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Neuro Week: Movement Disorders

Movement disorders refer to a group of neurologic disorders that affect the way a person moves, like Parkinson’s Disease or Multiple Sclerosis. Over time, patients may have difficulty performing everyday tasks like getting dressed, speaking or swallowing. At Cone Health Outpatient Neurorehabilitation, therapists work with patients to develop an exercise routine that helps them overcome deficiencies caused by the disease.

Research has shown that increased intensity, duration and frequency of activity/exercise can significantly improve function and mobility for Parkinson’s disease patients. “Skill acquisition exercises” are another form of exercise that are particularly beneficial to Parkinson’s disease patients. They are specifically geared to help them improve their function in certain skills and/or activities that have become difficult for them because of the disease. Physical therapy focuses on posture, balance, walking and teaching patients proper, safe exercises. Occupational therapy focuses on helping patients with their upper body strength, fine motor skills, and activities of daily living such as bathing and dressing. Because many Parkinson’s disease patients begin to lose the volume of their voice, speech therapy focuses on helping patients talk louder and be better understood.

Before starting an exercise program, it’s important to talk with a physical therapist who specializes in patients with Parkinson’s so they can individualize the exercises to the needs of the patient. The earlier in the diagnosis process that patients begin an exercise plan, the better. Cone Health’s Neurorehabilitation Center takes a team approach to treating and helping patients manage their Parkinson’s disease, with a dedicated team of physical, occupational and speech therapists.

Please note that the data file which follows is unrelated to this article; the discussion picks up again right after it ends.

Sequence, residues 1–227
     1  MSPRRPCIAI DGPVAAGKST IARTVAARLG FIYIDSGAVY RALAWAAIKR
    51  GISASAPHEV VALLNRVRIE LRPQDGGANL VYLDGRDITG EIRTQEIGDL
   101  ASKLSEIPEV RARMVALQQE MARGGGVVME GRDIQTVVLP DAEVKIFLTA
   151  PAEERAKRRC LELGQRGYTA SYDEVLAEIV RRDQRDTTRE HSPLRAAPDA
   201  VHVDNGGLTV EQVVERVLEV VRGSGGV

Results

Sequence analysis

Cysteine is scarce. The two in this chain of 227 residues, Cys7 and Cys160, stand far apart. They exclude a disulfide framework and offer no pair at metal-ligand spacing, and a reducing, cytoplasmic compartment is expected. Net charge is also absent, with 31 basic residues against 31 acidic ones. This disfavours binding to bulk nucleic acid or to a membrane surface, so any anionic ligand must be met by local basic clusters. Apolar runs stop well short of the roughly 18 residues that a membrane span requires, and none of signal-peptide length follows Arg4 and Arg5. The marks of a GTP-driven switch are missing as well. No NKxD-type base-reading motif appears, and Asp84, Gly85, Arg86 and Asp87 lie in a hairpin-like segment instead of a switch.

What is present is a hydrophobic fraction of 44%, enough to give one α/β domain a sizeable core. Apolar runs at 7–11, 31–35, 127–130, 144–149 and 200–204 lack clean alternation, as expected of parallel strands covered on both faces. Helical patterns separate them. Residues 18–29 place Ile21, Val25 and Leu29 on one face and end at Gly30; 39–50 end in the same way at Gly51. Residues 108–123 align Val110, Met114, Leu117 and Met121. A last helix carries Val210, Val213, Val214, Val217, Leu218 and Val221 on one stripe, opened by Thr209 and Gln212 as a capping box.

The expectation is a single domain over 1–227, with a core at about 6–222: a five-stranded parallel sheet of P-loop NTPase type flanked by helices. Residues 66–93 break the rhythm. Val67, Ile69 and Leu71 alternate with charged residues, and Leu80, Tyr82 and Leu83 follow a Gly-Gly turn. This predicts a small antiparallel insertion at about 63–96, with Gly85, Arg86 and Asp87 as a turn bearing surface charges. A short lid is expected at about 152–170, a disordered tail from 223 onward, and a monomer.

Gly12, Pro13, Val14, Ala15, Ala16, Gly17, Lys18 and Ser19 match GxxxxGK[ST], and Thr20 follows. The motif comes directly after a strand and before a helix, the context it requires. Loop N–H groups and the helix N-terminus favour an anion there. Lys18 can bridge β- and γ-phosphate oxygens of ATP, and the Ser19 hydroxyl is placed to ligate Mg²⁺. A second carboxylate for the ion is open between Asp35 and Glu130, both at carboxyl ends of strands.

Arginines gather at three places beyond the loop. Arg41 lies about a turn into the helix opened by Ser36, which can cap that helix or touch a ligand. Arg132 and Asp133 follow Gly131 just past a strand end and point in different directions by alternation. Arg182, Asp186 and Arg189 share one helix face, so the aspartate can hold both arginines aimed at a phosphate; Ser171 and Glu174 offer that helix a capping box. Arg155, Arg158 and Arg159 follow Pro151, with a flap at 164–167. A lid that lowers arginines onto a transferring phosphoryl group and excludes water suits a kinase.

Spokesperson Background:

Amy Marriott is a physical therapist at Cone Health Neurorehabilitation Center. Certified in LSVT BIG (a protocol developed specifically to address the unique movement impairments for people with Parkinson’s disease) and Parkinson’s Wellness Recovery (PWR!) techniques, Marriott specializes in treating Parkinson’s disease patients. In March 2014, she completed Allied Team Training through the National Parkinson Foundation. Marriott earned a Master of Physical Therapy from East Carolina University in 2000.